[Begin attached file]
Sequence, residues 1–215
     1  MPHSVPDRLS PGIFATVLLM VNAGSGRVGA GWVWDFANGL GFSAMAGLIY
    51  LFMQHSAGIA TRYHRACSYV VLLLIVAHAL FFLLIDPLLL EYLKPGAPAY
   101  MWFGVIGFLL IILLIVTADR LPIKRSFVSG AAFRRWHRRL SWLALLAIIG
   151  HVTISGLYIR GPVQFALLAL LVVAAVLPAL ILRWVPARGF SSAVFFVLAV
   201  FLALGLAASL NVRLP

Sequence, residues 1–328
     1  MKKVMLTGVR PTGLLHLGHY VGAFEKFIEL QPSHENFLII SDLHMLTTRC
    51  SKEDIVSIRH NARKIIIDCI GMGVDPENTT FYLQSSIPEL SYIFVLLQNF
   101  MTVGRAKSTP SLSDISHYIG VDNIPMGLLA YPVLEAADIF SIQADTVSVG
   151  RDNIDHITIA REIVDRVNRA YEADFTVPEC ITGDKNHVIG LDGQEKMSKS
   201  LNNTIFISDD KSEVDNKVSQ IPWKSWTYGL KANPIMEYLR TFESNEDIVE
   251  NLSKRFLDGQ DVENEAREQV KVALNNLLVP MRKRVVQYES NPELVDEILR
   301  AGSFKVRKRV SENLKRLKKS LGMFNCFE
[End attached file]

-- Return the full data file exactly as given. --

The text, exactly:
Sequence, residues 1–215
     1  MPHSVPDRLS PGIFATVLLM VNAGSGRVGA GWVWDFANGL GFSAMAGLIY
    51  LFMQHSAGIA TRYHRACSYV VLLLIVAHAL FFLLIDPLLL EYLKPGAPAY
   101  MWFGVIGFLL IILLIVTADR LPIKRSFVSG AAFRRWHRRL SWLALLAIIG
   151  HVTISGLYIR GPVQFALLAL LVVAAVLPAL ILRWVPARGF SSAVFFVLAV
   201  FLALGLAASL NVRLP

Sequence, residues 1–328
     1  MKKVMLTGVR PTGLLHLGHY VGAFEKFIEL QPSHENFLII SDLHMLTTRC
    51  SKEDIVSIRH NARKIIIDCI GMGVDPENTT FYLQSSIPEL SYIFVLLQNF
   101  MTVGRAKSTP SLSDISHYIG VDNIPMGLLA YPVLEAADIF SIQADTVSVG
   151  RDNIDHITIA REIVDRVNRA YEADFTVPEC ITGDKNHVIG LDGQEKMSKS
   201  LNNTIFISDD KSEVDNKVSQ IPWKSWTYGL KANPIMEYLR TFESNEDIVE
   251  NLSKRFLDGQ DVENEAREQV KVALNNLLVP MRKRVVQYES NPELVDEILR
   301  AGSFKVRKRV SENLKRLKKS LGMFNCFE